The service’s street cred (Nine Inch Nails front man Trent Reznor is chief creative officer) is a big edge, according to Iovine. Beats Music’s algorithms track users’ musical tastes and suggest personalized playlists created and updated daily with input from former radio DJs, music critics, ex-record executives, and other experts affiliated with the service. Subscribers can also choose from other playlists for nearly every occasion—working out, cooking, or breaking up (cue Adele). “We’re music guys,” Iovine says. “All those others, those were created by computer programmers and tech guys. We bring a lot of passion and, at the end of the day, I just believe something very unique.”
Streaming music services have the wind at their back, thanks to the proliferation of smartphones and tablets connected to cheaper mobile broadband Internet plans. The industry had about 29 million subscribers worldwide at the end of 2013, according to ABI Research. That’s forecast to jump to 191 million by 2018. This is streaming music’s moment to go mainstream and dislodge downloadable services, says Ken Parks, Spotify’s chief content officer. “Commercial realities always take time to catch up to the technology,” he says.
Beats Music faces some entrenched rivals starting with Spotify, which expanded into the U.S. from Europe in July 2011 and is the worldwide industry leader, with more than 6 million paying subscribers for its premium ad-free service and 24 million-plus users in 55 countries. Spotify has signed agreements for exclusive streaming access to songs from Red Hot Chili Peppers, Metallica, and Led Zeppelin.
Janus Friis, the billionaire co-founder of Skype, first tried charging $10 a month for his Rdio music service rather than offer an advertising-supported free version, though he experimented with different formats after that. In September, Friis sold a stake in Rdio to Cumulus Media, the radio broadcaster. Later this year, Rdio will offer an ad-supported mobile version with no subscription fee. “We’re competing with free,” says Anthony Bay, Rdio’s chief executive officer, referring to competitors such as Pandora and Songza.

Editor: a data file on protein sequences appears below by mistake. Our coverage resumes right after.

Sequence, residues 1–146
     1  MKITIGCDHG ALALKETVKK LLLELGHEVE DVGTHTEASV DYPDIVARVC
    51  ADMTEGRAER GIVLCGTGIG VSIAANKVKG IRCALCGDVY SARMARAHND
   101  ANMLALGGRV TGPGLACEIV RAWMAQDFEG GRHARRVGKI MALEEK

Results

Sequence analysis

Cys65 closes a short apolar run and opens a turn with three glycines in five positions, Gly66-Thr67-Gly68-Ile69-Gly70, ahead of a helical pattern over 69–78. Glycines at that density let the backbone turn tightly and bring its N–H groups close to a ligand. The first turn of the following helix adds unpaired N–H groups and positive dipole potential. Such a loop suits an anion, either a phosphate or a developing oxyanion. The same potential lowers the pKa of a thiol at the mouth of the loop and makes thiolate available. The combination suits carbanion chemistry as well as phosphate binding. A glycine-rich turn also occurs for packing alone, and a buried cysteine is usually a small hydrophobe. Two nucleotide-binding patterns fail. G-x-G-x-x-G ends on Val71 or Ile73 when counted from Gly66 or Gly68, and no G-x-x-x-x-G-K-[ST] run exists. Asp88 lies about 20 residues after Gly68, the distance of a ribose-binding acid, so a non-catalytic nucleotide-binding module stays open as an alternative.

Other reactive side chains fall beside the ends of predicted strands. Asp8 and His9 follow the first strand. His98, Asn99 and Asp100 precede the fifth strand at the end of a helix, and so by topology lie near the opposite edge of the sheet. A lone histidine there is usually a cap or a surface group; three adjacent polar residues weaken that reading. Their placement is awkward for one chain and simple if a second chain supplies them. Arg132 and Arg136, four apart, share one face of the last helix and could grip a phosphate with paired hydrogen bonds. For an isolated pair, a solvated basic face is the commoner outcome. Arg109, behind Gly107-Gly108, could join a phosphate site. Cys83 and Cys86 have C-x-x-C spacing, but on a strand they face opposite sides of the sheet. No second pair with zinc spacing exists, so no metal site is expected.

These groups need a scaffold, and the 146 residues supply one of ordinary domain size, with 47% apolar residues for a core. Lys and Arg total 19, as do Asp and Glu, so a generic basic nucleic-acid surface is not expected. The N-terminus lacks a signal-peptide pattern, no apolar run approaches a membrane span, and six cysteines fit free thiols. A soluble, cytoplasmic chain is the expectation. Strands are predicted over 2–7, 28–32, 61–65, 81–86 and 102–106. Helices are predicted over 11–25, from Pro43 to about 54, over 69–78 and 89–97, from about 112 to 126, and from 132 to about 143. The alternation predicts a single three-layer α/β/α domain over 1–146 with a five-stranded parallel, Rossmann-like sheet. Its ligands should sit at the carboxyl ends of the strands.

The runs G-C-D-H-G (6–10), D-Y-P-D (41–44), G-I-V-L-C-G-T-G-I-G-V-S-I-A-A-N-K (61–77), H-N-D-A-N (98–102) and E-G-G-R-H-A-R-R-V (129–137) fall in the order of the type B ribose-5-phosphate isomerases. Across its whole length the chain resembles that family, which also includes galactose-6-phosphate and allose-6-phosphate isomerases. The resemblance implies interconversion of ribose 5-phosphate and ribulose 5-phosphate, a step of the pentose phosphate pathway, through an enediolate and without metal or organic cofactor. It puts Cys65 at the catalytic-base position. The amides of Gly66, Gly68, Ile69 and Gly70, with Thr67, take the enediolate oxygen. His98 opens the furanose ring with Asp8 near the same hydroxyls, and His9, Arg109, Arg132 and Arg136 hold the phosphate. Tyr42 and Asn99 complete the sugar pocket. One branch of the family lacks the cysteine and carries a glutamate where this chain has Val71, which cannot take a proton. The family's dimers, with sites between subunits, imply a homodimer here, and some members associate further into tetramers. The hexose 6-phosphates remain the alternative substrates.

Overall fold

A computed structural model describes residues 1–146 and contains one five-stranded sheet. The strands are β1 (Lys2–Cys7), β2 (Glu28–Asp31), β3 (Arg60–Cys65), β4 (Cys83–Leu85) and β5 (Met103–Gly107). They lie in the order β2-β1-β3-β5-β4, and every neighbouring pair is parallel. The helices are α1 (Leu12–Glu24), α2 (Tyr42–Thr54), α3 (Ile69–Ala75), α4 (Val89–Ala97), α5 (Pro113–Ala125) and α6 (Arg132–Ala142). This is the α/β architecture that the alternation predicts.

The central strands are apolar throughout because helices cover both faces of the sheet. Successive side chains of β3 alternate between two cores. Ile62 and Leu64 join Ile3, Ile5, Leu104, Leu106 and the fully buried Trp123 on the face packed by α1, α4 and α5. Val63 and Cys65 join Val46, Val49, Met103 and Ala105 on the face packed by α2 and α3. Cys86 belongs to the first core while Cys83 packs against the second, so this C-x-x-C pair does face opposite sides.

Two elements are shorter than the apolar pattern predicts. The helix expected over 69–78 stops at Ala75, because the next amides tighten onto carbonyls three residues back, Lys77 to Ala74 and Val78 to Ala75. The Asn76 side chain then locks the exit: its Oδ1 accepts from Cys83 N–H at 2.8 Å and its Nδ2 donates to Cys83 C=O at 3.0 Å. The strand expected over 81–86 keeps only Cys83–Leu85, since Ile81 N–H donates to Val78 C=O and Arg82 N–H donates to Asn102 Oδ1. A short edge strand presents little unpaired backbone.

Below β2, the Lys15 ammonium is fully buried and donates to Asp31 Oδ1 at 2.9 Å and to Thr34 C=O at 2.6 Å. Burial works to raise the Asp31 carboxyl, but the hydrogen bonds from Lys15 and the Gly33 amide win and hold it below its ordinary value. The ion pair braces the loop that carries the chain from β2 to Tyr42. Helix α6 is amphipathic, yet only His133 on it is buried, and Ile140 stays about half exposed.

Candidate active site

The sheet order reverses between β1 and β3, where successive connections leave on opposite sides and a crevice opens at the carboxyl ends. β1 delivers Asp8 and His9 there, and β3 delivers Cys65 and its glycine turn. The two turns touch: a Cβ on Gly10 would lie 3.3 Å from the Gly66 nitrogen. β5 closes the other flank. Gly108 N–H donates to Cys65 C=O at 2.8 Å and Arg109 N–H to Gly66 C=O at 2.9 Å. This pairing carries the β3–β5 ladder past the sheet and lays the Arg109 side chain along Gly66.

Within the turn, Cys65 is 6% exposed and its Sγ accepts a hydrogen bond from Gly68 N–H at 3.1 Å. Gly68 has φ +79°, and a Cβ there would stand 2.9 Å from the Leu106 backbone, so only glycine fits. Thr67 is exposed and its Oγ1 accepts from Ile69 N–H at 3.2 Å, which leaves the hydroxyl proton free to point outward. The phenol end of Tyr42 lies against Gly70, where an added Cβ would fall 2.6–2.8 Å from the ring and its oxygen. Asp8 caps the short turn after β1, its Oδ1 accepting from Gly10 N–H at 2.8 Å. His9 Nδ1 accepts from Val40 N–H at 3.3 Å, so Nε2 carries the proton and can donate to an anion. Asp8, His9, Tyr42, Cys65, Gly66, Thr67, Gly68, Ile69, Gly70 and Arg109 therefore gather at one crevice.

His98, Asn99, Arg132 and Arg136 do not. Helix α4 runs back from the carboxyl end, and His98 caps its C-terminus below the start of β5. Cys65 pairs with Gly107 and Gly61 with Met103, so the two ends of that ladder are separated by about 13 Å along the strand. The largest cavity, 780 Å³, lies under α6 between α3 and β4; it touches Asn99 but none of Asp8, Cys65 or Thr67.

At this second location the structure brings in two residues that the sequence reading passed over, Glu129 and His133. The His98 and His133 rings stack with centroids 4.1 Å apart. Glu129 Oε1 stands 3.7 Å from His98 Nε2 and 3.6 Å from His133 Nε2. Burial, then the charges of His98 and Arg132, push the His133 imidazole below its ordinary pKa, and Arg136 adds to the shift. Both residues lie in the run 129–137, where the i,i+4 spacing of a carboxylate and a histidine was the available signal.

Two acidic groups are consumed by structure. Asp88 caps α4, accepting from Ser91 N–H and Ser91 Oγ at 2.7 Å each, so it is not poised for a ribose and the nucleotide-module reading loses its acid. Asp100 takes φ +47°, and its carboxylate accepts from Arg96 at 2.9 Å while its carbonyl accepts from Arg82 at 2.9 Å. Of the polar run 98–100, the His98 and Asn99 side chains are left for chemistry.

Iovine thinks the Beats Music subscription model is a smart business strategy—and ultimately good for the music industry. Free services pay next to nothing in royalties, set by federal law and based on revenue, and draw 80 percent of listeners, he says. Artists “feel cheated,” says Iovine. “These free services are confusing and a mess.” As a subscription-based service, Beats will bring in more revenue and pay out more royalties to artists and rights holders than free services under standard industry contracts for streaming music services.
Beats Music plans to let artists use the music service to connect directly with fans, Reznor says. Musicians will be able to control their profile, sell merchandise, and update their followers on upcoming concerts and albums. “I took a long look in the mirror and asked myself whether I was about to do something that would hurt artists,” Reznor says. “I came to the conclusion that this will be beneficial and in everyone’s long-term interests.”